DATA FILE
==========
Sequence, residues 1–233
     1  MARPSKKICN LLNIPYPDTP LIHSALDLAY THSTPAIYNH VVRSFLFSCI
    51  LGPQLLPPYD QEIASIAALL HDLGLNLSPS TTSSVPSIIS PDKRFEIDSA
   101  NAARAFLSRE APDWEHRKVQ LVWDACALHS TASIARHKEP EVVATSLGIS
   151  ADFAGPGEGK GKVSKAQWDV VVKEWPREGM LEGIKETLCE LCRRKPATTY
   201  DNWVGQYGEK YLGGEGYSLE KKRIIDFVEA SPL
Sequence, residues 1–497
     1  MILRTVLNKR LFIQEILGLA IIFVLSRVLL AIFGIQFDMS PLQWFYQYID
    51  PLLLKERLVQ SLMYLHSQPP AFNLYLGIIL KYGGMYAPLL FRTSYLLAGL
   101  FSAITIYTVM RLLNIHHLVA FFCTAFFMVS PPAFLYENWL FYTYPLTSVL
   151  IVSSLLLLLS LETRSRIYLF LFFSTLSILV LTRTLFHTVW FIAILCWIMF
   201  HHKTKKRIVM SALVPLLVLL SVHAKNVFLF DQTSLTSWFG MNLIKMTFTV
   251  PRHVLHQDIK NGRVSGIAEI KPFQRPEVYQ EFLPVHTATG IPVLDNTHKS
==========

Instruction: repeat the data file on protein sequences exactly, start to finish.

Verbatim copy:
Sequence, residues 1–233
     1  MARPSKKICN LLNIPYPDTP LIHSALDLAY THSTPAIYNH VVRSFLFSCI
    51  LGPQLLPPYD QEIASIAALL HDLGLNLSPS TTSSVPSIIS PDKRFEIDSA
   101  NAARAFLSRE APDWEHRKVQ LVWDACALHS TASIARHKEP EVVATSLGIS
   151  ADFAGPGEGK GKVSKAQWDV VVKEWPREGM LEGIKETLCE LCRRKPATTY
   201  DNWVGQYGEK YLGGEGYSLE KKRIIDFVEA SPL
Sequence, residues 1–497
     1  MILRTVLNKR LFIQEILGLA IIFVLSRVLL AIFGIQFDMS PLQWFYQYID
    51  PLLLKERLVQ SLMYLHSQPP AFNLYLGIIL KYGGMYAPLL FRTSYLLAGL
   101  FSAITIYTVM RLLNIHHLVA FFCTAFFMVS PPAFLYENWL FYTYPLTSVL
   151  IVSSLLLLLS LETRSRIYLF LFFSTLSILV LTRTLFHTVW FIAILCWIMF
   201  HHKTKKRIVM SALVPLLVLL SVHAKNVFLF DQTSLTSWFG MNLIKMTFTV
   251  PRHVLHQDIK NGRVSGIAEI KPFQRPEVYQ EFLPVHTATG IPVLDNTHKS